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Benevolent Exploitation: Government should protect payday loan consumers, not businesses

February 12, 2015

6-minute read

On Tuesday of this week, I presented at the Utility and Review Board hearing on payday loans. The UARB is reviewing the payday regulations and will issue a decision on these loans in a few weeks. This post details what I presented to the Board: at best payday lenders are predators and at worst engage in benevolent exploitation. There is a clear need to more strictly regulate and enforce regulations.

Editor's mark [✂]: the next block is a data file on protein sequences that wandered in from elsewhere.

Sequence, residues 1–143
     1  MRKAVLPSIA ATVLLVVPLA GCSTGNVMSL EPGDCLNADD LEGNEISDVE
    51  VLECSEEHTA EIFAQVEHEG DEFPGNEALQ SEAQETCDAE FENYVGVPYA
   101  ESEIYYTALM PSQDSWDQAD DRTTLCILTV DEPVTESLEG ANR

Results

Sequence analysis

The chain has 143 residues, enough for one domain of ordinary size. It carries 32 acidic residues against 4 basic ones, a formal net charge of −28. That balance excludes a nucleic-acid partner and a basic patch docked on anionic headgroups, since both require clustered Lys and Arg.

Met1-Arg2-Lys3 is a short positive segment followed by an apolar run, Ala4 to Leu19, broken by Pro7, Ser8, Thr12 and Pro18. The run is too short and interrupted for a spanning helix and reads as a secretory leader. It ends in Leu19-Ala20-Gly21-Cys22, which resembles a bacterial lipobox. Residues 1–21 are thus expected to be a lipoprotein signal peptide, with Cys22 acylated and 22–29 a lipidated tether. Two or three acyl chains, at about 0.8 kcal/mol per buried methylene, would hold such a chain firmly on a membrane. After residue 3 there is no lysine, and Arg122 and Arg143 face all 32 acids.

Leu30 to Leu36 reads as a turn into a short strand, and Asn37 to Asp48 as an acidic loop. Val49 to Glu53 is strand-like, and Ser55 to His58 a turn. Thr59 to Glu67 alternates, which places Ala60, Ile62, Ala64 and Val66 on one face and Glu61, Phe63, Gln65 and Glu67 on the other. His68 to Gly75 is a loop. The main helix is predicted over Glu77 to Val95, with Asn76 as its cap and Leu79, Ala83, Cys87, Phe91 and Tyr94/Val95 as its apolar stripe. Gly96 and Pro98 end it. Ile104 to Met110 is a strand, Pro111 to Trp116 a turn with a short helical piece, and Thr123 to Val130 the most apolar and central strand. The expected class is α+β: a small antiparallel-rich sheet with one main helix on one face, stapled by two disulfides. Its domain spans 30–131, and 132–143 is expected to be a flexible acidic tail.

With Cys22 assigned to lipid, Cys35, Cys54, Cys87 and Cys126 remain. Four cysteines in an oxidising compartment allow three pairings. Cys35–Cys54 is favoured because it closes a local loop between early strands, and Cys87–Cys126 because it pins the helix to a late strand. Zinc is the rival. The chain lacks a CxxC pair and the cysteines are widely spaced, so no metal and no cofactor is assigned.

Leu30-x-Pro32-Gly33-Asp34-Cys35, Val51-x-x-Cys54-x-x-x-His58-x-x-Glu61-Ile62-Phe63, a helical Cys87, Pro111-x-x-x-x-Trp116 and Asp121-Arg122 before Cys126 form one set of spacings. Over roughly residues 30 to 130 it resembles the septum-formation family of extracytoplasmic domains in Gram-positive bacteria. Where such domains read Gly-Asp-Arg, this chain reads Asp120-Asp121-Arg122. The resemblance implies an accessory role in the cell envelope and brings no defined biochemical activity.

Usury is never justified. It is a criminal offence defined as the charging of exorbitant interest rates. Under the Criminal Code the amount considered criminal is more than 60% interest per annum. This is to protect citizens from loan sharks. In Nova Scotia, payday loan regulations cover loans up to $1,500 granted for periods of 62 days or less. Nova Scotia still has the highest regulated rate in any province, which is at least 550 times what is considered criminal. As illustrated by Bruce Wark in The Coast: “a $300 payday loan for 14 days could cost up to $75 and carry an annual percentage rate (APR) of 651.8 percent. The same loan on a line of credit would cost about $5.81 with an APR of seven percent; bank account overdraft protection would cost $7.19 with an APR of 19 percent and a cash advance on a credit card would typically cost $7.42 with an APR of 21 percent.”